Brexit: British Prime Minister David Cameron Resigns in Wake of Leave Vote

David Cameron resigns
British Prime Minister David Cameron and his wife Samantha Cameron walk back into 10 Downing Street after he announced his resignation following the U.K.'s vote to leave the EU, London, June 24. Photo by Dan Kitwood/Getty Images

British Prime Minister David Cameron has announced he will resign in the wake of the U.K.'s vote to leave the European Union.

Cameron, who was first elected in 2010 and retained his position with a massive victory in 2015, was a vocal campaigner for the Remain side. But in a seismic decision, the Leave side won the vote by 52 percent to 48 percent, with large parts of rural England—particularly in the north, east and southwest of the country—voting in favor of Brexit.

The Conservative party leader, accompanied by his wife Samantha, spoke to gathered reporters on Friday morning to announce that he would step down in the coming months. "The British people have voted to leave the European Union and their will must be respected," said Cameron. "The will of the British people is an instruction that must be delivered… There can be no doubt about the result."

Cameron said that he had spoken to Queen Elizabeth II on Friday morning to inform her of his decision and said that he would stay in the post for "a period of stability" while the U.K. renegotiates its status within Europe. While he said there was "no need for a precise timetable" on his departure, Cameron added he hoped a new prime minister would be in place ahead of the Conservative party's conference in October.

"I fought this campaign in the only way I know how, which is to say directly and passionately what I think and feel, head, heart and soul," said Cameron. The prime minister added that the U.K. would need "fresh leadership" to renegotiate its status within Europe. "I don't think it would be right for me to try to be the captain that steers our country to its next destination," he said.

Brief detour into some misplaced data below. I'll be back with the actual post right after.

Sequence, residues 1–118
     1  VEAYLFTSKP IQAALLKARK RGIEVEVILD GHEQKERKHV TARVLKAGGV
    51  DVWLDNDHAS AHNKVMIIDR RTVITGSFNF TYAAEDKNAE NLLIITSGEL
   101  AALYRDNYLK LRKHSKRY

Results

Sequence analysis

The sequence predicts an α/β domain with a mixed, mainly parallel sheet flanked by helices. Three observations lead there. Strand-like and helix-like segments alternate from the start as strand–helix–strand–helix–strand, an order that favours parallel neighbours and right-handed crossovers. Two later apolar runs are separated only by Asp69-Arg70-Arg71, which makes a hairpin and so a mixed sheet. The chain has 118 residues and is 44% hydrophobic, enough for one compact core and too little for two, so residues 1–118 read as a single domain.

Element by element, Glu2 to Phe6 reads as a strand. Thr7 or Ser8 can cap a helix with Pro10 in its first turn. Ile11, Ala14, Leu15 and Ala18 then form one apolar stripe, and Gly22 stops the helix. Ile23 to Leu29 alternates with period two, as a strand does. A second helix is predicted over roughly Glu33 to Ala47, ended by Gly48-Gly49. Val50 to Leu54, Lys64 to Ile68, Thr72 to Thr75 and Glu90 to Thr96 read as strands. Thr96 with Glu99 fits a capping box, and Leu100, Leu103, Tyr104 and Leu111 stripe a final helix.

"I love this country and I feel honored to have served it and I will do everything I can in the future to help this country succeed," concluded Cameron, his voice faltering as he retired to 10 Downing Street.

Cameron promised to deliver a referendum on the U.K.'s membership of the EU ahead of the general election in 2015 and said that he was "proud" that the decision had been entrusted to the will of the electorate.

Ahead of the vote, there was much speculation about whether Cameron should resign in the wake of a Leave vote. Ukip leader Nigel Farage, a focal point of the Leave campaign, called on Cameron to quit "immediately" once it became clear that the country had voted in favor of Brexit. Senior officials in the Conservative party, including ex-London mayor Boris Johnson, however, signed a letter to Cameron saying that he had "both a mandate and a duty to continue leading the nation and implementing our policies."

The prime minister's resignation has left Johnson as the hot favorite to succeed him. It may also have negative consequences for George Osborne, the chancellor of the exchequer, who also campaigned on the Remain side.